Morning session This session would focus on my area of research expertise – namely how teeth work and how they are used for the reconstruction of diet in fossil species. The first lecture will review how teeth break food in a broad sense. It will cover fracture mechanics and the physical properties of foods (and teeth). The focus will be on dental adaptations to diet in mammals, to illustrate general principles underlying dental functional morphology and the biomechanics of chewing. Tooth size, shape, and structure will be considered. This will provide insights into how different types of teeth have evolved the potential to break down foods with specific fracture properties. The second lecture will consider how paleontologists reconstruct diets of individuals (how teeth were used) from fossil remains. This is what I call, foodprints, which, like footprints in the sand, are traces of actual behavior of an animal or human that died up to millions of years ago. There will be two areas of focus: 1) dental microwear, the patterns of microscopic scratches and pits that form on a tooth’s surface as the result of its use, and 2) stable isotope ratios in enamel, such as the proportions of C13:C12, which can tell us about the chemistry of the foods eaten that provided the raw materials to make the teeth.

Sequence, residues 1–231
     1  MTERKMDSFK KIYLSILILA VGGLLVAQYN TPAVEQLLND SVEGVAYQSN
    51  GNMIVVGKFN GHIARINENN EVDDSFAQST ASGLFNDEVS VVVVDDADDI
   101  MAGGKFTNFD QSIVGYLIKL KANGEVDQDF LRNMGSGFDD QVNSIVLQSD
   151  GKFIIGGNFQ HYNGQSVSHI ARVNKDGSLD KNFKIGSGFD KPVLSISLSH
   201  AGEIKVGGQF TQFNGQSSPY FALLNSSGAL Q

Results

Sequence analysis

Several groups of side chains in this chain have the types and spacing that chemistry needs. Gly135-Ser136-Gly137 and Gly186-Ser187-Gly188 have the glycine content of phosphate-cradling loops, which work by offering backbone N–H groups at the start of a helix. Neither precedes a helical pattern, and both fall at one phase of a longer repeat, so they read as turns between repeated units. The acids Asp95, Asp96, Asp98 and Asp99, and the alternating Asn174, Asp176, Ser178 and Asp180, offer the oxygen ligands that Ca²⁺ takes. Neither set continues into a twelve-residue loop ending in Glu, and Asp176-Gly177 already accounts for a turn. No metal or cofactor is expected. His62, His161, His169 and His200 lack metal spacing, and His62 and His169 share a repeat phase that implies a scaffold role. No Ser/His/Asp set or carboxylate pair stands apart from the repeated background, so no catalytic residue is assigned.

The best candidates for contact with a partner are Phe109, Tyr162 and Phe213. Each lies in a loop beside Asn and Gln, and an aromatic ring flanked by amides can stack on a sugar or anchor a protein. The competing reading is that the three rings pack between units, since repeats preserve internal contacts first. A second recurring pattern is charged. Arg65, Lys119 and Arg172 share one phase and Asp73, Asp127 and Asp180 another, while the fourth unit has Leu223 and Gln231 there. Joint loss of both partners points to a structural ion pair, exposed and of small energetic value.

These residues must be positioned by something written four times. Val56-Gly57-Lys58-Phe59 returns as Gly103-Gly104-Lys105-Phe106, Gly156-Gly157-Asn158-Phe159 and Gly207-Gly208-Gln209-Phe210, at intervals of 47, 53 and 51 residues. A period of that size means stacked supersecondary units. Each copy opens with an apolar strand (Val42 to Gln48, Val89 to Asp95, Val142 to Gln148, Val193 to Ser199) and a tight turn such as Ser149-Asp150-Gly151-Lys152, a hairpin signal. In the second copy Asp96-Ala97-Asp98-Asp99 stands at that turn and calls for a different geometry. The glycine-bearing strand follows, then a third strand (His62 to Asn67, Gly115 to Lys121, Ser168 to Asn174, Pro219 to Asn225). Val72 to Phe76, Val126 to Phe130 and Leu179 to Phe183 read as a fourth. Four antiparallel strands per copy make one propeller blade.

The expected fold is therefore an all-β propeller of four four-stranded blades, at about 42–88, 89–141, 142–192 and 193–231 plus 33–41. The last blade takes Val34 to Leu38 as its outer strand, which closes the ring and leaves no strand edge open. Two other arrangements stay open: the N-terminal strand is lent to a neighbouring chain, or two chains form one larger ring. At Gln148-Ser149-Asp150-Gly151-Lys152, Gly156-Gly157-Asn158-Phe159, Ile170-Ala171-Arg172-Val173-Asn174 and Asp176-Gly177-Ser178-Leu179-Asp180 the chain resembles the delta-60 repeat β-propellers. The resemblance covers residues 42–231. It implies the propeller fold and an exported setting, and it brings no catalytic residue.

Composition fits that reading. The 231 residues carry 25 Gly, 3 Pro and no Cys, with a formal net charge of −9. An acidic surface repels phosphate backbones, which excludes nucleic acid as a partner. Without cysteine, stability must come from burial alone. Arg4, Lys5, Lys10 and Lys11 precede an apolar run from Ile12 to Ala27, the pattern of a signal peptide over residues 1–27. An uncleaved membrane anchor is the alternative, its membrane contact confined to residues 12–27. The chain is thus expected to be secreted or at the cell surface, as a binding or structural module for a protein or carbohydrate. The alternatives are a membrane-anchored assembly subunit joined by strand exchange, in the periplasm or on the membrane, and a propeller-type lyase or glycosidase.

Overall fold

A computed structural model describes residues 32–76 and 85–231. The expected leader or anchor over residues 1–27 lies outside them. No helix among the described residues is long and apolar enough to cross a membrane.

Afternoon session The afternoon session will focus on anthropological/evolutionary biological perspectives to putour teeth today – and your patients teeth -- into their proper context. The first lecture will review the origin and evolution of teeth. There are tens of thousands of species with “teeth”, or hardened structures in the mouth used in food acquisition and processing. We are just one of those species. This lecture will focus on vertebrate teeth, and consider the appearance and evolution of enamel, tooth attachments, numbers, distribution and replacement of teeth, crown differentiation, occlusion and chewing. We will consider especially the evolution of teeth in the mammals and the myriad dental forms that nature has given us. The second lecture will consider changes over time in oral health among humans. We will metaphorically look into the mouths of traditional peoples of the past and present – those without our modern diets or our modern dental care. This is the domain of bioarchaeology, and researchers document caries disease, periodontal and orthodontic disorders as well as nutrition- related developmental defects. This lecture will highlight my own work with the Hadza peoples of Tanzania, the last remaining hunter-gatherers in Africa.
Prof. Dr. Peter S. Ungar is hoofd van het “Department of Antropology” aan de Universiteit van Arkasas. Hij is auteur van verscheidene boeken (6) waarvan enkele vertaald zijn Koreaans, Chinees en Japans en peer-reviewed publicaties (183). Hij werd ook onderscheiden met verscheidene prijzen met oa. American Publisher Award in 2010 in Biological Science categorie. (uitgebreid CV op website)
9:00 am – 10:30 am Dental functional morphology (a mammalian perspective)
10:30 – 11:00 am Coffee break
11:00 – 12:30 pm Foodprints: Tooth wear and isotope analyses of teeth for diet reconstruction
12:30 – 2:00 pm Lunch
14:00 – 15:30 pm The evolution of Teeth: A half-billion year odyssey
15:30 – 16:00 pm Coffee break
16:00 – 17:30 pm Dental bioarchaeology